Dickinson’s tour guides have some of the most prominent jobs on campus—and not just because they’ve mastered the art of walking backwards. On the front line daily, they promote the college and share their experiences with prospective students and families from around the world. The impressions they make, stories they tell and advice they offer are often what visitors remember most.
With the launch of Dickinson’s new campus tour video, we asked a few of the tour guides featured in it to share some of that exclusive insight with us. Discover what Alex Dillon ’17 (earth sciences, East Asian studies), Elizabeth Marin ’18 (Latin American, Latino & Caribbean studies) and Ian Hower ’16 (political science, law & policy) have to say.
Alex: “You shouldn’t attend the college that other people want you attend; you should go to the college that you want to go to.” My drum instructor from fourth grade through high school gave me this bit of advice. He was kind of a crazy dude, but he gave great advice.
Elizabeth: You should do it yourself. You should ask the questions. You should make the appointments. You should hold the conversations. This entire college-search process is about you—trying to understand who you are and who you can be. When I visited colleges, my father would always disappear into the landscape. I would turn to ask him something, and he would be gone. I didn't have him to rely on, to communicate through; instead, the stress and pressure were put on me. It made me grow and really make connections with everyone I met with during these visits.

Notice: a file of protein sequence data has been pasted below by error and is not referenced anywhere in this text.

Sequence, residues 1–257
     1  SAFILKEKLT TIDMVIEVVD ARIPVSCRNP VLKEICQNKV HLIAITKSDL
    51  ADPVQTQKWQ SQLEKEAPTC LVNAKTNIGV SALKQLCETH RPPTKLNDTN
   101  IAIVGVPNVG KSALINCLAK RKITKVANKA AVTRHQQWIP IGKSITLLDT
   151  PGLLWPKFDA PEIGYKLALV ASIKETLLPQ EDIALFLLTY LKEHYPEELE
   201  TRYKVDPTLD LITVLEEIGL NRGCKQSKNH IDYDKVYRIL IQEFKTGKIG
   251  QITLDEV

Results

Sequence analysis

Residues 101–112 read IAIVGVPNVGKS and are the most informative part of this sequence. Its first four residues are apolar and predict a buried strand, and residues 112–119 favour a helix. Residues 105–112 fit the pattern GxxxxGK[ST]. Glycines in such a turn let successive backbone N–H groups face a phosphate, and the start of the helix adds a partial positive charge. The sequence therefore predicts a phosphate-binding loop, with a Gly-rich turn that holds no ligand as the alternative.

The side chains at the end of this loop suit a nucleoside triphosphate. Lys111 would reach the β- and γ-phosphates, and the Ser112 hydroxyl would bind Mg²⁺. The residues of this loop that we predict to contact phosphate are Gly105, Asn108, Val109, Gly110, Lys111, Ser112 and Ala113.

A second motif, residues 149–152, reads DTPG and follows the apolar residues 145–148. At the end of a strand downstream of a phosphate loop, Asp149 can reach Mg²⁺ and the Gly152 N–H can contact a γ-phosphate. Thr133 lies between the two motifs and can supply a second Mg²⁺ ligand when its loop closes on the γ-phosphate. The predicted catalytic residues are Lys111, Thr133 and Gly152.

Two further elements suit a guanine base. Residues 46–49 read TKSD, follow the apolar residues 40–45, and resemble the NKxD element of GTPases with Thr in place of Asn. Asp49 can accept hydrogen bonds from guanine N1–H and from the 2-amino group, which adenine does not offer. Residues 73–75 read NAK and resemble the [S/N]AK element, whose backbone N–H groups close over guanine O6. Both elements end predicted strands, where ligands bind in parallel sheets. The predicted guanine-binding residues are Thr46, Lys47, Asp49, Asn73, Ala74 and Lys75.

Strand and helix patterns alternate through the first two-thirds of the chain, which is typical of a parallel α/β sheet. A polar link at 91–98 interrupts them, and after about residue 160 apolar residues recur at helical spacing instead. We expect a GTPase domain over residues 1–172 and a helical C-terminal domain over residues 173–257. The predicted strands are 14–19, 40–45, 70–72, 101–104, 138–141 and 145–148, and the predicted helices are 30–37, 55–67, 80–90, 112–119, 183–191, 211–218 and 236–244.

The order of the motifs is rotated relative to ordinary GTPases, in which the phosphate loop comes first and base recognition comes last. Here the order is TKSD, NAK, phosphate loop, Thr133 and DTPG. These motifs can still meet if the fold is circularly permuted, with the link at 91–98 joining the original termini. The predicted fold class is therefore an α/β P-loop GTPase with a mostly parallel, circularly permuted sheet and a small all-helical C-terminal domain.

Ian: Listen to the people around you while on campus. Judge the college by the conversations that the students are having. Those will be your peers—what kind of peers are you looking for?
Alex: I go to the gym every day! But usually it’s when I'm giving a tour. (Cue soft chuckling from parents in the group.)
Elizabeth: I remember how stressed out I was during the search process. To me, which institution I chose was going to cement who I would be for the rest of my life. Naturally, I soon learned this is not the case. Instead, being at Dickinson has transformed almost all the sectors of my life; it has challenged my goals and changed my mind. As a result, I always tell my tour groups that the reason I chose Dickinson is different from the reason I stay. Change is inevitable, and college is a beautiful place to have this happen.
Ian: Of the colleges you visit, 75 percent of what each liberal-arts college offers will be the same: small class sizes, great professors, etc. Find out how the other 25 percent of that school is different, what makes it special. At Dickinson it's our commitment to sustainability and global education but also how integrated the students are in the governance of the college and how strong a role we students play in decision-making at the college.
Alex: I would definitely show the Rector Science Complex—it’s super cool and looks great. People absolutely remember it, and I have tons of jokes for when I’m in there!
Elizabeth: I would show Archives & Special Collections or The Trout Gallery. I love showing the archives because it embodies the nature of all the resources on campus. It's rooted in tradition and culture, yet it's a source of great interaction and education. You can walk in and literally be in the midst of 200-plus years of history. The Trout Gallery is not part of our tour right now (although it always gets a shout-out), but it is one of the main reasons why I chose Dickinson. Whenever I’m having a rough time, I walk in there and sit among the art on display. It contains such talent and beauty.
Ian: The Academic Quad. It is the most beautiful space on campus but also the reason we're here. We come to college to learn from fantastic professors—that’s what matters most about a college.
Published November 6, 2015